ADVANCED SPACE VEHICLE CONTROL
1 September 2006
Space Vehicle Control is facing new challenges: providing more performance capabilities for space missions within smaller physical constraints (mass, power). Coupling this with the new challenge to return to the moon and discover Mars, it is important to develop new efficient, robust and cost effective for present and new space missions. 25 participants attended the international workshop from the USA, UK, France, Germany, Italy, Netherlands, Greece and Turkey.
With a total of 19 presentations, the workshop was kicked-off by Surrey’s own Professor Sir Martin Sweeting founder of the Surrey Space Centre and Surrey Technology Ltd discussing the upcoming challenges of small satellite missions.
Dr. Gazi (Turkey) gave an interesting mathematical prospective of path planning of vehicles for different space applications using potential field methods. In the same area Dr. Tsoudros from Cranfield University gave a presentation on path planning techniques for Unmanned Aerial Vehicles using different sensor technologies. Dr Saaj completed the path planning section of the workshop with a talk on spacecraft formation flying control with path planning control based on Dr. Gazi’s work and on a newly developed hybrid method utilising electrostatic forces and electric propulsion. Drag free control is an interesting control concept being investigated to test Einstein’s theories using sensitive 'free' masses within a spacecraft and accurate thrusters for attitude control/compensation.
The next section of the workshop focused on the theme of solar sails. These large thin/light reflective structures are used to propel spacecraft using photons coming from the sun. Remi Drei (Netherlands) from the European Space Agency presented an interesting approach combining attitude control with the trajectory function of a solar sail. Professor McInnes from Strathclyde presented a number of new near term solar sail mission concepts based on non-Keplerian orbit techniques. Dr. Dachwald from the German Space Centre (DLR) presented a realistic plan on solar sail missions for asteroid deflection and sample return missions with a focus on trajectory design. Professor Wie from Arizona State University (USA) gave a talk on a solar sail gravity tractor concept for asteroid deflection, one of the most interesting mission areas currently being researched. McDonald from Scisys (UK) presented the Attitude control design of the LISA/Pathfinder mission one of the most challenging missions for formation flying and attitude control requiring ultra high precision accuracy control.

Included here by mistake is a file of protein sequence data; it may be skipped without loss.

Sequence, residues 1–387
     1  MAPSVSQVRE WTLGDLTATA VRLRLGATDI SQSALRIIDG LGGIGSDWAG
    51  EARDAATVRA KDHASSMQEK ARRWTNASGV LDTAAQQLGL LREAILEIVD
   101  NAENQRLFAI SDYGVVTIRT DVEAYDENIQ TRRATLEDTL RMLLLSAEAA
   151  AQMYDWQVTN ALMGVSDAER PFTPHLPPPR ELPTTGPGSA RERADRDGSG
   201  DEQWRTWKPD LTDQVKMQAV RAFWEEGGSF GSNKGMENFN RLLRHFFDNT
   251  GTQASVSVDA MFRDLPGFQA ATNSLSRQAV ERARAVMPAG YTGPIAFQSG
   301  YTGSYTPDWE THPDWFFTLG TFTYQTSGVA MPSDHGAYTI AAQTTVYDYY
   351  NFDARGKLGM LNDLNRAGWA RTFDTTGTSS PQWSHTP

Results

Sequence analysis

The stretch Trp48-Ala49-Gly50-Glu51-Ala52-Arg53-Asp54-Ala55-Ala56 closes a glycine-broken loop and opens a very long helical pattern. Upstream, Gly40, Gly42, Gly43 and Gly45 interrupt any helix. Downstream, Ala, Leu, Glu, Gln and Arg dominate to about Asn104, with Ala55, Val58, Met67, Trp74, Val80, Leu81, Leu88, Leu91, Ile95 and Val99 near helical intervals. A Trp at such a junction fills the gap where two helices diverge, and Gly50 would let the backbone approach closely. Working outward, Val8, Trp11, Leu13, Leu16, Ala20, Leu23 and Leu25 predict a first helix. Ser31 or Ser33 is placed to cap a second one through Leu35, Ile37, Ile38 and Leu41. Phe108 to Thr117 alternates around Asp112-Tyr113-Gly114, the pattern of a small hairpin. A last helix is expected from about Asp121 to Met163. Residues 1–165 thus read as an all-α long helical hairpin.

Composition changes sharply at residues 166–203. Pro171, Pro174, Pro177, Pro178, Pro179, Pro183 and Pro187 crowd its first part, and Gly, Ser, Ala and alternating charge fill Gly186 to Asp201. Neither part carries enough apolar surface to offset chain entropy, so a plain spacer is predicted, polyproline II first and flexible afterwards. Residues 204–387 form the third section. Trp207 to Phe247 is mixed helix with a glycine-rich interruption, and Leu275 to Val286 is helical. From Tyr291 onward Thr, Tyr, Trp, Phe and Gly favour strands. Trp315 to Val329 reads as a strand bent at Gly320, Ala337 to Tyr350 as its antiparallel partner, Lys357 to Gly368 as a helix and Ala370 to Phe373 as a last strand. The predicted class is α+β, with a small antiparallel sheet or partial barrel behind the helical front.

Following a lunch break, the next two talk focused on the entry, descent and landing control methodologies required for safe Mars landings. Professor Sparkes from Dundee showed some very interesting results on simulating Mars surfaces using low computational intense algorithms. Dave Dungate from Analyticon (UK) presented the design of a computer tool for the trade-off design of entry, descent and landing systems for Mars landers.
The following presentations (6) focused on the design and control algorithms of Control Moment Gyro actuators for agile spacecraft control. Dr. Lappas presented a new CMG control logic for miniature CMGs with gimbal angle constraints, work co-authored with Prof. bong Wie. Mr Underhill of Honeywell (USA) presented two interesting talks on CMG singularity avoidance laws that guarantee singularity avoidance using singularity free regions. His second presentation highlighted the use of a large agile spacecraft simulator equipped with CMGs for accurate line of sight tracking. Dr Palmer from Surrey presented some new findings on a singularity avoidance law that is exact for a cluster of 4 CMGs using analytic methods. Dr. Pechev (Surrey) presented another singularity avoidance law which does not require the direct calculation of the pseudo-inverse jacobian matrix. Mr. Richie (Surrey/USA) presented a new compact, novel method for sizing combined energy and attitude control systems for small satellites. Finally and to end the workshop, Dr. M. Peck from Cornell presented an interesting approach to the design of twin CMG systems for agile small satellites and the trade off with conventional single gimbal CMGs.
The workshop was divided in three areas: (i) path planning techniques for spacecraft/multi vehicle control (ii) solar sail missions and orbit/attitude control (iii) agile spacecraft attitude control using CMGs (Control Moment Gyros). Fruitful discussions were initiated during the question sessions and the informal BBQ which followed the workshop.
All speakers and attendees agree that a follow up workshop would be the most useful means to continue the interchange of ideas and work in the area of advanced space vehicle control. It was proposed that:
- A follow up workshop before or after the International Astronautical Congress in 2008 taking in place in Glasgow could be a realistic target with the workshop theme focused on Solar Sail missions and technology
- Another follow up workshop taking place in the USA or China funded by DLR, again, with a focus on Solar Sails in 2007
An important step is the selection and publishing of the best 6 papers of the workshop in the Journal of the British Interplanetary Society, which will be completed by January 2007.
Dr Vaios Lappas
3 December, 2006